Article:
No new Nexus from LG, Google Edition Galaxy S4, HTC rumors, is Google going to drop the Nexus line?
This article may contain personal views and opinion from the author.
In this case however, the rumors are still all over the field and they are not stopping. HTC in particular has been the focus of much speculation about a “Nexus experience” or “Google Edition” offering of the excellent HTC One.
The HTC One has been put under particular scrutiny because the device is just really nicely built, and even with a few warts here and there, Sense 5.0 and BlinkFeed perform superbly. The front facing speakers are unlike anything on any other smartphone, and while the camera perhaps falls just a tad short of the marketing “UltraPixel” scheme, it still takes great pictures. Other nags are minimal, like no expandable storage (yes, we have all read the official line from HTC, but not everyone here buys that for reasons we will not discuss at this time).
LG was the focus of rumors related not only the now official white Nexus 4, but also the company’s plans about manufacturing the next generation Nexus handset for Google. Now that it looks like LG will not be embarking on that endeavor (depending on who you believe), it leaves the question as to who might be in line to build the next batch of hardware for Google. Or does it?
When Google announced the “Nexus experience” coming to the Samsung Galaxy S4, it was very well received at the Google I/O developer conference. Given the hardware that drives the S4, it will surely handle stock Android with no issues. Aside from its larger screen and better camera, the device brings LTE support and that is about it though. Will Google pursue this model in the future for a “pure Android experience?”
It is certainly possible, and there are a couple reasons why it is worth discussing. First, despite the success Google and LG have had with the Nexus 4 there were still a couple issues that plagued the sale of the device. First were the supply issues that LG had to contend with on a dedicated design. Then, Google’s own systems were not able to handle the demand much of the time. That was not Google’s first problem either. Previous generations of the Nexus line experienced similar issues. Given how much network traffic Google handles, it astonishes us that level of demand was able to frustrate Google Play’s systems.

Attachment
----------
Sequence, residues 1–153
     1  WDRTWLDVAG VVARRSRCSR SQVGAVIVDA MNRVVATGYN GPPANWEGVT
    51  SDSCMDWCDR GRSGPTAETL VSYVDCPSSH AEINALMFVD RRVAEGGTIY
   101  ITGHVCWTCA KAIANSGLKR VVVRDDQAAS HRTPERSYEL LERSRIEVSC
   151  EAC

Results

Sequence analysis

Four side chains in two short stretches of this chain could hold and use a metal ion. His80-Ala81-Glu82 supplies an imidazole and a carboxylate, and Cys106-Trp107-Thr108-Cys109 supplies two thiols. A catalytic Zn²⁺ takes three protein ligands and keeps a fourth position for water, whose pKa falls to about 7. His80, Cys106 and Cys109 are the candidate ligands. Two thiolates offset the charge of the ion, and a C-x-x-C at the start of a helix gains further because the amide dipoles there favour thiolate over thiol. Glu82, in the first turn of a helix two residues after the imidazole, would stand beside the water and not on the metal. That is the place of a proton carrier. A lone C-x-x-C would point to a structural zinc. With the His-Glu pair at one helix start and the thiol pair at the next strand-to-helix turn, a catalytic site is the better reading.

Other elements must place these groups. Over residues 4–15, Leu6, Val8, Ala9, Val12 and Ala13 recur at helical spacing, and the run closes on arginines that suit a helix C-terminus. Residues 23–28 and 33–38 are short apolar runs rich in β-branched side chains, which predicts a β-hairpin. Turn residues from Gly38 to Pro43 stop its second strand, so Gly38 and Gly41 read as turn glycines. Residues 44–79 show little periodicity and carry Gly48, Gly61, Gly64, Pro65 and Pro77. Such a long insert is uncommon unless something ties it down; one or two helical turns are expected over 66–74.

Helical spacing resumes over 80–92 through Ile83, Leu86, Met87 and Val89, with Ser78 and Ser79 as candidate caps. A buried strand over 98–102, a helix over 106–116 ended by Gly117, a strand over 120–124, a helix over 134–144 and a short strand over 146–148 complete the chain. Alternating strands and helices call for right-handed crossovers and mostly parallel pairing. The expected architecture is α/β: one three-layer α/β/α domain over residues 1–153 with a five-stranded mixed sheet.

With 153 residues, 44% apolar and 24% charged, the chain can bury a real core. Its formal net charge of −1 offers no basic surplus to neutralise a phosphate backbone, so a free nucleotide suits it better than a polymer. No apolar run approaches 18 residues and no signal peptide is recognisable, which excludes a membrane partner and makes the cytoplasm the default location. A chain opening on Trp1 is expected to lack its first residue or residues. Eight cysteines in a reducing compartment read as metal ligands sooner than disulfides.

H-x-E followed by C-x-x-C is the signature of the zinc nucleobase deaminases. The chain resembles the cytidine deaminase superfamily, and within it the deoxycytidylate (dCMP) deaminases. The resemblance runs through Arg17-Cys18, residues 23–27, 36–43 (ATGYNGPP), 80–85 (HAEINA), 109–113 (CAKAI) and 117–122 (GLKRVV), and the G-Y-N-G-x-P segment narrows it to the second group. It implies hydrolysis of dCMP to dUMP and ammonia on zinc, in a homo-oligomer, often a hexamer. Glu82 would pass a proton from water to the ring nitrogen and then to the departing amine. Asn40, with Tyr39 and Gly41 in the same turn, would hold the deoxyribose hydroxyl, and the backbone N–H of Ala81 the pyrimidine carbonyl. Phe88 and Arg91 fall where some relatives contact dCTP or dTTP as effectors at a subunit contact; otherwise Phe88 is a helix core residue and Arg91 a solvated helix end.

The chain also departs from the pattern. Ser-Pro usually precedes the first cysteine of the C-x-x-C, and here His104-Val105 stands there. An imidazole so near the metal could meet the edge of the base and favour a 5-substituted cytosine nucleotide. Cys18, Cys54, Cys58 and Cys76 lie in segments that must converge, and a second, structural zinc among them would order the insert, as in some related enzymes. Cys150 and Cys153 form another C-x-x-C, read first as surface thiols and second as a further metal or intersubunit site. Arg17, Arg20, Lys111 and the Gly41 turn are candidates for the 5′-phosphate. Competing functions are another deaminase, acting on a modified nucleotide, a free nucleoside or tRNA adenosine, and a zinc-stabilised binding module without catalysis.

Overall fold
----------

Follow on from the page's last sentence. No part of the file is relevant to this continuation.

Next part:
One could argue that such success is reason alone to keep going, however, the same argument can be made that such demand is reason alone to try a different plan. Indeed, Google may have proven itself to be a victim of that success with its own subsidies to sell unlocked hardware below normal retail prices.
As to whether this will lead other manufacturers to follow suit, be careful what you wish for. For a device like the HTC One that relies so much of HTC’s software to deliver its experience it actually makes vanilla Android…well vanilla.
LG’s reasons to step back from the Nexus line are also understandable. The company sees the success that Samsung has been having and naturally it wants to pursue that same success. Samsung has been able to build a brand on top of Android and that image barely acknowledges the operating system at all. The Nexus line did not do anything to that image. LG needs to build and maintain its image along such lines as well, and with its recent purchase of webOS, it may have some interesting features to deliver.
We suspect that it was not too difficult for Google to iron out the deal for Samsung to bake stock Android into its newest flagship. The assembly line is already running, the hardware is the same, and flashing a bare bones OS is arguably easier to manage from a quality control standpoint. Orders for devices could be handled by Google or Samsung since they are unlocked and there is no manufacturer or carrier subsidy involved. Buyers know what they are getting when they purchase it and it does not feature any of the Samsung applications (no TV remote, no S-apps, etc). For the geeks, the Galaxy S4 running stock Android was arguably what they had asked for, top of the line specifications, decent (albeit plastic, yet “green”) all-around hardware, virtually no compromises.
Of course, there is still somewhat of a compromise because of the absence of the S-apps, and the camera software, in other words, everything that made it a Galaxy S device from Samsung. There is also that “no compromises” price of $649 whether you like it or not. We doubt any of this will cloud the appeal of the “Google Edition” or impact sales of the consumer centered Galaxy S4, both will see strong demand (as demonstrated by sales thus far).
That appeal seems to be fueling the rumors that HTC may be readying the same thing with the HTC One. It is another “perfect combination” of great hardware and no-nonsense (pun intended) software. However, HTC’s image has always been tied to the Sense UI all the way back to when it was called TouchFlo on Windows Mobile devices. HTC has a winner on its hands with the One and we are not sure that a “Nexus Experience” (or whatever it is officially called) version of that device would make much of a difference for all the same reasons that the Galaxy S4 does.
There is no doubt that the paradigm has shifted since Google did not announce a new Nexus line or even a new version of Android at the I/O developers conference this year. The introduction of the new Samsung hardware might be the beginning of a new model of manufacturer participation with Google in deploying the raw Android experience to users. Or, it served as a stop-gap measure while Android 5.0 is worked on.
If we were to see the end of a dedicated Nexus line of devices, that is not necessarily a bad thing. The manufacturers are already making great equipment which Google can partner with to deliver a pure Android experience. Does it matter to you who makes it or how it is branded?